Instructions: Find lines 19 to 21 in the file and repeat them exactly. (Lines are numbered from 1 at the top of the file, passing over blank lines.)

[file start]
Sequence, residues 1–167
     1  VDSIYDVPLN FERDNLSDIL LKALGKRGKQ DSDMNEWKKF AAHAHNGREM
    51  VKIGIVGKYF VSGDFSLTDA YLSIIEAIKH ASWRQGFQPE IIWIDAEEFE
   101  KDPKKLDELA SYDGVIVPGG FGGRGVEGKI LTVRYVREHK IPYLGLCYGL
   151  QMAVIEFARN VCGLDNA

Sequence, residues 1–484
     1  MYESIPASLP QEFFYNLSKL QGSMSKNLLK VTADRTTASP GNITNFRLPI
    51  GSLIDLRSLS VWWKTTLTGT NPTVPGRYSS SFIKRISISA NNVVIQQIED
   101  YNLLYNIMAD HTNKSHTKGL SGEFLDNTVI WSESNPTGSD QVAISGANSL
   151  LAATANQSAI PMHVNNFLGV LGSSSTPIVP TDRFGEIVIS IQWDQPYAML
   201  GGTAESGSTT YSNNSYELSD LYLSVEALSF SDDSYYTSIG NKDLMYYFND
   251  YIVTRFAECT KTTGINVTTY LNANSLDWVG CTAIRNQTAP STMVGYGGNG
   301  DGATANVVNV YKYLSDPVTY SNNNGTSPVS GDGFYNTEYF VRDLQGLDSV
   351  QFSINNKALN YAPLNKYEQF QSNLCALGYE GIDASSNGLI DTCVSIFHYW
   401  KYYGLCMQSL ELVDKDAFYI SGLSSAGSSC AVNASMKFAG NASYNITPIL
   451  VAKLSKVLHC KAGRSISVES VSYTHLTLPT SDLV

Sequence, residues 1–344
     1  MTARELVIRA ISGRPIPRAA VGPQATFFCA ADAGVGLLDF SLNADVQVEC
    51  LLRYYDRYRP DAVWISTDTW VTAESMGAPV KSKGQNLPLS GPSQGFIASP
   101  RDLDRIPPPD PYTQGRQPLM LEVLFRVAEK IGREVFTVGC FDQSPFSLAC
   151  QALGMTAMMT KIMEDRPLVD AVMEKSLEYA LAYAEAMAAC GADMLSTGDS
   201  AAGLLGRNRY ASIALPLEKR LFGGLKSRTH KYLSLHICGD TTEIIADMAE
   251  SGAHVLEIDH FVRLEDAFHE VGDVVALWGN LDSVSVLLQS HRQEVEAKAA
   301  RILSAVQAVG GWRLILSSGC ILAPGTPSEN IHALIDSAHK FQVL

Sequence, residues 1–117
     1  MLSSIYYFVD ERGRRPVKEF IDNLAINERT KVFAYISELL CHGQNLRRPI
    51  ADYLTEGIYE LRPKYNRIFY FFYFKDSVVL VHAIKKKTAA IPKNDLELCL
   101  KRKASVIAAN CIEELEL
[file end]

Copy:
    51  LLRYYDRYRP DAVWISTDTW VTAESMGAPV KSKGQNLPLS GPSQGFIASP
   101  RDLDRIPPPD PYTQGRQPLM LEVLFRVAEK IGREVFTVGC FDQSPFSLAC
   151  QALGMTAMMT KIMEDRPLVD AVMEKSLEYA LAYAEAMAAC GADMLSTGDS